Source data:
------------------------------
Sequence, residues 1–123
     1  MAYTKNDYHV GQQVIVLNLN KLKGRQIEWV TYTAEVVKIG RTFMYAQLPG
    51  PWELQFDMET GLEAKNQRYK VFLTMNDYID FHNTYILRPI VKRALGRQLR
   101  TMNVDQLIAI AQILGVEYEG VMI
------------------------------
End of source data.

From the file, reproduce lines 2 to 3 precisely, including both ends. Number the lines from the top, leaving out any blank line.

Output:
     1  MAYTKNDYHV GQQVIVLNLN KLKGRQIEWV TYTAEVVKIG RTFMYAQLPG
    51  PWELQFDMET GLEAKNQRYK VFLTMNDYID FHNTYILRPI VKRALGRQLR